• Slots will be recommended, not mandatory. However, if teams go over their cumulative slot recommendation for signings made during the first 10 rounds, a tax will be applied.
  • If teams exceed their slot recommendation for a second time, they will also lose a high draft pick.
  • In exchange for this concession, draft compensation will no longer be tied to free agent classifications.

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Since Jonathan Papelbon first became eligible for arbitration, the boisterous closer wasn’t shy about telling everyone he wanted to get paid. Not surprisingly, the Red Sox, who have the gained the reputation as one of the more saber-friendly organizations, weren’t as keen to hand out a long-term deal. So, it really shouldn’t come as surprise that Papelbon is now packing his bags for Philly.

I feel like with me being at the top of my position, I feel like that [salary] standard needs to be set and I’m the one to set that standard and I don’t think that the Red Sox are really necessarily seeing eye to eye with me on that subject right now.” – Jonathan Papelbon, quoted by AP, March 4, 2008

There was simply no way the Red Sox were going to match the 4-year, $50 million offer (with a vesting option) that the Phillies extended to Papelbon. In response to the news that his closer was headed south, new GM Ben Cherington admitted as much. According to Cherington, Papelbon is replaceable, either internally with Daniel Bard or via a shorter, less lucrative deal with one of the many free agent closers who will be looking for a job this offseason.

Within the hardcore sabermetric community, and among those who dabble on its periphery, Cherington’s position has a lot of support. After all, not only are most closers notorious for their inconsistency, but often times the most unlikely relievers have great success for a year or two. Because a closer usually throws 60-70 innings per year, and is often used in low leverage situations (i.e., three run leads in the ninth), the conventional sabermetric wisdom suggests they can’t possibly be worth the kind of money Papelbon will be making over the next four years.

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Posada's playing days as a Yankee may be over, but his legacy will stand along side other greats of the past (Photo: Reuters).

To those like me who were holding out hope that Jorge Posada might return to the Yankees for one more season, the long-time catcher has a message: “It’s not gonna happen”.

Speaking at a fundraiser for his charitable organization, Posada matter-of-factly stated what most people already suspected. Even though his announcement was far from official, the Yankees’ failure to offer a limited role suggests the feeling is mutual. In fact, Posada’s statement was really more acquiescence to that reality than a conscious decision to move on from the Bronx.

I will always be a Yankee. The New York Yankees, for me, is my second family. It’d be tough to put on another uniform for real and learn a new set of rules. But it’s one of those things where I have to see if I wanna keep playing.” – Jorge Posada, quoted by ESPNNewYork.com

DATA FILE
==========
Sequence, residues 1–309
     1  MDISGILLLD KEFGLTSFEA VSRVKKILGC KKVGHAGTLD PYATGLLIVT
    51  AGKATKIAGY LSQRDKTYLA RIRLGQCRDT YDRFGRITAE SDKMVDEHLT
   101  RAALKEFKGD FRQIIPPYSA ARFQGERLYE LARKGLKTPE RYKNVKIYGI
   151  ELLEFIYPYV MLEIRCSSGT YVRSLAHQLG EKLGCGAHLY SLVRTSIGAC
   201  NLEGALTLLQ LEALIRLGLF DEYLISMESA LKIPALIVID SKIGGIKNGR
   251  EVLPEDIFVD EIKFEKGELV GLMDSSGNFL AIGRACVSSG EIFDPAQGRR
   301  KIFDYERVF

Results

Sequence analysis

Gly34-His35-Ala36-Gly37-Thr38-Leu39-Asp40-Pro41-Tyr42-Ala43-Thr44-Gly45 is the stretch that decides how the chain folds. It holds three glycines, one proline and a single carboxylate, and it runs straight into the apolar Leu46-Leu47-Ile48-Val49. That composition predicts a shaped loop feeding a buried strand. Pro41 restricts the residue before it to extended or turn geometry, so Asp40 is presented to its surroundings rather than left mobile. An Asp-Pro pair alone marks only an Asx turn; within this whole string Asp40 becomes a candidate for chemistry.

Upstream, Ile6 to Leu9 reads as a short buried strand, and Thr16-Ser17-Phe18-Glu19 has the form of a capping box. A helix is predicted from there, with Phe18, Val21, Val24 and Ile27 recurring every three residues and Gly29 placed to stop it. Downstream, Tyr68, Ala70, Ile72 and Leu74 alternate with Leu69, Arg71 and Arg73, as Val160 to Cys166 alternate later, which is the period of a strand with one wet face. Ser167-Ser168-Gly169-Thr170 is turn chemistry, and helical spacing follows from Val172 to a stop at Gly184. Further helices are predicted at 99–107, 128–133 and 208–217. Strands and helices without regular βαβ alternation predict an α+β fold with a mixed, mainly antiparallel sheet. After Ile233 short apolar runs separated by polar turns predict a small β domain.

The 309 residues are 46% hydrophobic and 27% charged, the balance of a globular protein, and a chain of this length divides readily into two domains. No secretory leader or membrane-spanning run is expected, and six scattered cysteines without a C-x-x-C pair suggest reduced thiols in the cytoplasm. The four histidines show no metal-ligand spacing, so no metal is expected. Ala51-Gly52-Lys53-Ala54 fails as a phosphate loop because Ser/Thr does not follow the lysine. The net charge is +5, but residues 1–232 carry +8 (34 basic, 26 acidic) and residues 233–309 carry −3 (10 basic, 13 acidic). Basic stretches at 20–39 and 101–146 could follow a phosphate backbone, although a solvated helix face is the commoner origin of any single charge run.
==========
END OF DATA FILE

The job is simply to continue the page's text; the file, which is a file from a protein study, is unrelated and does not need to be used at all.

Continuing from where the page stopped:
It’s too bad the Yankees weren’t able to carve out a role for Posada, but thankfully, the two sides seem to be parting amicably. Unlike during the season, when Posada often bristled at signs of his Yankee mortality, the catcher’s attitude while addressing the issue suggested complacency. That’s good news for Yankees’ fans who value the legacy left behind by great players. So, instead of the contentious divorce some had feared, it seems as if Posada is set to go his separate way for the time being, but with the expectation of eventually returning to the fold. In other words, it won’t be 20 years before we see number 20 on the foul line during Old Timer’s Day.

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As the baseball Hot Stove slowly builds from early embers, the Captain’s Blog will be busy identifying the top pitching targets that the Yankees should consider pursuing in a trade. In part one, a game plan to acquire Felix Hernandez was devised. Admittedly, such an acquisition probably falls under the heading of wishful thinking, so just in case that advice proves unsuccessful, one of two backup plans is now suggested (for a link to the other, click here).

Assuming the Mariners refuse to trade Felix Hernandez at any price, and the cost proves too prohibitive for the likes of Gio Gonzalez and John Danks, there are still several attractive options to consider. In particular, a trio of talented young right handers could all be made available by their respective teams, and Brian Cashman should be first line to kick the tires on each one.

Top-10 Right Handed Starters, Ranked by WAR: 2009-2011

Player WAR W L IP ERA ERA+
Roy Halladay 21.2 57 26 723.1 2.53 163
Justin Verlander 18.3 61 23 715.1 3.06 140
Felix Hernandez 16.7 46 31 722 2.73 147
Jered Weaver 16.7 47 28 671 3.03 134
Tim Lincecum 14.3 44 31 654.2 2.87 138
Josh Johnson 14.1 29 12 453 2.64 159
Ubaldo Jimenez 13.7 44 33 628 3.63 126
Dan Haren 13.2 42 32 702.2 3.41 122
Matt Cain 13.1 39 30 662.2 2.97 134
Zack Greinke 12.9 42 28 621 3.33 126

Source: Baseball-reference.com